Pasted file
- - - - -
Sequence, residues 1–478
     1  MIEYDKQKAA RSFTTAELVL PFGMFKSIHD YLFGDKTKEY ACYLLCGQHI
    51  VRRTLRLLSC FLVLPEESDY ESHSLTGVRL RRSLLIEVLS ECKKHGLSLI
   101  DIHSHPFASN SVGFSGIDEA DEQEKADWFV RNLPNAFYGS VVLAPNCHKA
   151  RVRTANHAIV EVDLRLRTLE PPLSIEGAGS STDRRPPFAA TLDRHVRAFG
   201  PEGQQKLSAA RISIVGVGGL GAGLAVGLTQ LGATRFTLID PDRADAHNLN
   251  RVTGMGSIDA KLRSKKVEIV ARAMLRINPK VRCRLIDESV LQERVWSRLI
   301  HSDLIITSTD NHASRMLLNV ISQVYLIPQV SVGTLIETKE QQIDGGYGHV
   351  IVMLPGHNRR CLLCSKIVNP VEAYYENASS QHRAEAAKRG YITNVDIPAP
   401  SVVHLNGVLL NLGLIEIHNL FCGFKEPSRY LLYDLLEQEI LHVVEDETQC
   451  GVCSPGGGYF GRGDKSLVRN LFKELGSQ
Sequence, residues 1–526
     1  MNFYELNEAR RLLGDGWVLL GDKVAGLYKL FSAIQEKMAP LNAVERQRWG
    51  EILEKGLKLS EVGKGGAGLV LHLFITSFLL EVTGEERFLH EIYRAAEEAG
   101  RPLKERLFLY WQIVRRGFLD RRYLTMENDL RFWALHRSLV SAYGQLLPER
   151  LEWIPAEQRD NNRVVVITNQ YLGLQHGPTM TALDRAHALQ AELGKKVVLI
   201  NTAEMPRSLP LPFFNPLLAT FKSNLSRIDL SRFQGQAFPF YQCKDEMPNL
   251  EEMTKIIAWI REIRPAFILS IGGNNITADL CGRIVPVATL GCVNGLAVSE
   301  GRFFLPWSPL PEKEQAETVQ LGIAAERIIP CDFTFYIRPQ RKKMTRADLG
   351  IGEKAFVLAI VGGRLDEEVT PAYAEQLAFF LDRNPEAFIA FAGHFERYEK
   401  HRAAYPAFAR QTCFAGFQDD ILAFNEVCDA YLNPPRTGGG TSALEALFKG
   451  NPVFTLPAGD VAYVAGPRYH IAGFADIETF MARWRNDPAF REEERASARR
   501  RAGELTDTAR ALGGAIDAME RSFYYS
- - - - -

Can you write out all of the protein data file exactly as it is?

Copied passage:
Sequence, residues 1–478
     1  MIEYDKQKAA RSFTTAELVL PFGMFKSIHD YLFGDKTKEY ACYLLCGQHI
    51  VRRTLRLLSC FLVLPEESDY ESHSLTGVRL RRSLLIEVLS ECKKHGLSLI
   101  DIHSHPFASN SVGFSGIDEA DEQEKADWFV RNLPNAFYGS VVLAPNCHKA
   151  RVRTANHAIV EVDLRLRTLE PPLSIEGAGS STDRRPPFAA TLDRHVRAFG
   201  PEGQQKLSAA RISIVGVGGL GAGLAVGLTQ LGATRFTLID PDRADAHNLN
   251  RVTGMGSIDA KLRSKKVEIV ARAMLRINPK VRCRLIDESV LQERVWSRLI
   301  HSDLIITSTD NHASRMLLNV ISQVYLIPQV SVGTLIETKE QQIDGGYGHV
   351  IVMLPGHNRR CLLCSKIVNP VEAYYENASS QHRAEAAKRG YITNVDIPAP
   401  SVVHLNGVLL NLGLIEIHNL FCGFKEPSRY LLYDLLEQEI LHVVEDETQC
   451  GVCSPGGGYF GRGDKSLVRN LFKELGSQ
Sequence, residues 1–526
     1  MNFYELNEAR RLLGDGWVLL GDKVAGLYKL FSAIQEKMAP LNAVERQRWG
    51  EILEKGLKLS EVGKGGAGLV LHLFITSFLL EVTGEERFLH EIYRAAEEAG
   101  RPLKERLFLY WQIVRRGFLD RRYLTMENDL RFWALHRSLV SAYGQLLPER
   151  LEWIPAEQRD NNRVVVITNQ YLGLQHGPTM TALDRAHALQ AELGKKVVLI
   201  NTAEMPRSLP LPFFNPLLAT FKSNLSRIDL SRFQGQAFPF YQCKDEMPNL
   251  EEMTKIIAWI REIRPAFILS IGGNNITADL CGRIVPVATL GCVNGLAVSE
   301  GRFFLPWSPL PEKEQAETVQ LGIAAERIIP CDFTFYIRPQ RKKMTRADLG
   351  IGEKAFVLAI VGGRLDEEVT PAYAEQLAFF LDRNPEAFIA FAGHFERYEK
   401  HRAAYPAFAR QTCFAGFQDD ILAFNEVCDA YLNPPRTGGG TSALEALFKG
   451  NPVFTLPAGD VAYVAGPRYH IAGFADIETF MARWRNDPAF REEERASARR
   501  RAGELTDTAR ALGGAIDAME RSFYYS